–  What are the three temptations and how does Jesus respond?

–  What do you think all three temptations have to do with?  (The three temptations have to do with earthly power, control, domination, and glory.  In each case Jesus responds by quoting from Deuteronomy.)

(Below is some background info on the three temptations from

•          Temptation One (4:3-4): To turn stones into bread.   Response: Deuteronomy 8:3: “It is written, ‘One does not live by bread alone.'”   Context in Deuteronomy: Moses reminds the people of Israel that God tested them in the wilderness by hunger, but he fed them with manna in order to make them understand that one does not live by bread alone.

•           Temptation Two (4:5-8): To rule all the kingdoms of the world.  Response: Deuteronomy 6:13: “It is written, ‘Worship the Lord your God, and serve only him.'” Context in Deuteronomy: Moses addresses the people of Israel prior to entering the land of promise. He calls upon the people to fear and love the Lord always. He provides a creed for them, the Shema, “Hear, O Israel….” (6:4), tells them not to forget who gave the land, and admonishes them to worship and serve the Lord.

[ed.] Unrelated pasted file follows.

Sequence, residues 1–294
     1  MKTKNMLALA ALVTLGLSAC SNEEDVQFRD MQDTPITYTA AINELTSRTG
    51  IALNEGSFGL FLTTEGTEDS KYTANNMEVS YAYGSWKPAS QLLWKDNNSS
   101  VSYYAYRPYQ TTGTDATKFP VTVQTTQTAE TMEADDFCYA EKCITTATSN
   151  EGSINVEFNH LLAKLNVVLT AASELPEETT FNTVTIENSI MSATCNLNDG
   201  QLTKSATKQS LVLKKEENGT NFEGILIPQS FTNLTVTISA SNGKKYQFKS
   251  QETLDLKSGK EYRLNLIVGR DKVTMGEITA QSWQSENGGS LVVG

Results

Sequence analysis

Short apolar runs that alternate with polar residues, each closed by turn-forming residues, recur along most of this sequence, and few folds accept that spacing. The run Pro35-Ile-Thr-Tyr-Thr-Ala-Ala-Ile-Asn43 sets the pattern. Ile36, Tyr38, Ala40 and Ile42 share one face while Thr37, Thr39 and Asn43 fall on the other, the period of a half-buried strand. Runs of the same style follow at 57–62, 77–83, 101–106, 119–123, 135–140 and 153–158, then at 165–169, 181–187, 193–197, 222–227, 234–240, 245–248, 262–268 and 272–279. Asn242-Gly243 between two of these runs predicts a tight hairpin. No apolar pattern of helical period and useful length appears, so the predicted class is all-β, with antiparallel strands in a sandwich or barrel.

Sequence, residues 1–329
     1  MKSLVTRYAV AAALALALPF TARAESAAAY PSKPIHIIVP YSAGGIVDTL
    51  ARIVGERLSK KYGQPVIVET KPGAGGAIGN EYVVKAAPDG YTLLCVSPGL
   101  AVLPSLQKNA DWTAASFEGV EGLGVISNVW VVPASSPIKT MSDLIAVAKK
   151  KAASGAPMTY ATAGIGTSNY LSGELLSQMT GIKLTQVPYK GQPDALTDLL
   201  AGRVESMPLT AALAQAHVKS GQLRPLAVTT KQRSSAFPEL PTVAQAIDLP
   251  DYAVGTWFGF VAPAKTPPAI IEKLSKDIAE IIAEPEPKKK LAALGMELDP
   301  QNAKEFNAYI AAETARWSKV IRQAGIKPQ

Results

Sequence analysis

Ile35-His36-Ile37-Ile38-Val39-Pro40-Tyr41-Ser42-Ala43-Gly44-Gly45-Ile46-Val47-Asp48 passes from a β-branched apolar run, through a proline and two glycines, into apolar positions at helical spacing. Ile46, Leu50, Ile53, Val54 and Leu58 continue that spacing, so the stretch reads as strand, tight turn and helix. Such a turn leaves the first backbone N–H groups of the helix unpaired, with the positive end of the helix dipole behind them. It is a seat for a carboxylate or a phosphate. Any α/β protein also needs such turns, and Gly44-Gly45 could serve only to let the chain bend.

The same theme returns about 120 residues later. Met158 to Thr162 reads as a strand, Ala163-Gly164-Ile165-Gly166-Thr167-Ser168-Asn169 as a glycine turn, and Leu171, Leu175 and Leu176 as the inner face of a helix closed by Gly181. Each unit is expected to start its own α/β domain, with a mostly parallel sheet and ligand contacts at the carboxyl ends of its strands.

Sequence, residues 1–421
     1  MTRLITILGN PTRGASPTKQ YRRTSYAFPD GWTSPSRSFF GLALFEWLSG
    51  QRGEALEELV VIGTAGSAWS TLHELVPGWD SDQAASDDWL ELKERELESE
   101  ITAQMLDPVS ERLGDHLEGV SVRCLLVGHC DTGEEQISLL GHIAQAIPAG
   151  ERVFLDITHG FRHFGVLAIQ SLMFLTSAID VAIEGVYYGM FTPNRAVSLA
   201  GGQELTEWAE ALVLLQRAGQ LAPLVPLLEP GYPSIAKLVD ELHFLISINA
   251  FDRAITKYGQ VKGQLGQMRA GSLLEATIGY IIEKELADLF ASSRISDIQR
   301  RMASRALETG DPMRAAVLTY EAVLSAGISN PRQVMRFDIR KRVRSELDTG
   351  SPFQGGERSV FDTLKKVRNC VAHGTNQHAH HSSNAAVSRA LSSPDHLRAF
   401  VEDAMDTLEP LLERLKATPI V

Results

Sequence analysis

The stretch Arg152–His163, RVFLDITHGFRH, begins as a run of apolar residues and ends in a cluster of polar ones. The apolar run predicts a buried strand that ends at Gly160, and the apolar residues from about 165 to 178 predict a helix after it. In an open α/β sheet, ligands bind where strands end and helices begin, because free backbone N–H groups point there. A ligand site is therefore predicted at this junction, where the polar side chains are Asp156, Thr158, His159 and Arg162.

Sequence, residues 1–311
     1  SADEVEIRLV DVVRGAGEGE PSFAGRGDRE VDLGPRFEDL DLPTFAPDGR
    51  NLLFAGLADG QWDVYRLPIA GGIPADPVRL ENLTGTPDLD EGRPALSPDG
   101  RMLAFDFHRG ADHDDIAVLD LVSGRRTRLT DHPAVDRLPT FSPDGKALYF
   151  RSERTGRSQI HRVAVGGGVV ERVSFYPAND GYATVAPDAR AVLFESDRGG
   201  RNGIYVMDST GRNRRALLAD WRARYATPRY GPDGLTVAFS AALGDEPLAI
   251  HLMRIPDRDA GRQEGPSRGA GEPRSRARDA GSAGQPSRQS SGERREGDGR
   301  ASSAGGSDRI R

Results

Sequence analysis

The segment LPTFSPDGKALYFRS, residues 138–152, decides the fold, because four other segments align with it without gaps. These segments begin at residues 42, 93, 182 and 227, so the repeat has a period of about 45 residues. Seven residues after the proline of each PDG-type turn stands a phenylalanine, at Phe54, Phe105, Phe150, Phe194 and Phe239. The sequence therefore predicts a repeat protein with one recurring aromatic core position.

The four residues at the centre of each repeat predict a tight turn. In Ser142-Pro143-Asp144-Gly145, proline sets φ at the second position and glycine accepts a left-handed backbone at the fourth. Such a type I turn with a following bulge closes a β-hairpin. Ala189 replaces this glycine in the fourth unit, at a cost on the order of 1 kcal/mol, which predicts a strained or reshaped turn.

•           Temptation Three (4:9-12): To throw himself down from the pinnacle of the Temple in Jerusalem. Here the devil quotes Psalm 91:11-12.  Response: Deuteronomy 6:16: “It is said, ‘Do not put the Lord your God to the test.'”  Context in Deuteronomy: The setting is the same as the previous episode (Deut 6:13). Moses exhorts the people not to test the Lord as they did at Massah, a place of quarreling, where the people of Israel demanded water from Moses, which he finally obtained by striking a rock (Exodus 17:1-7).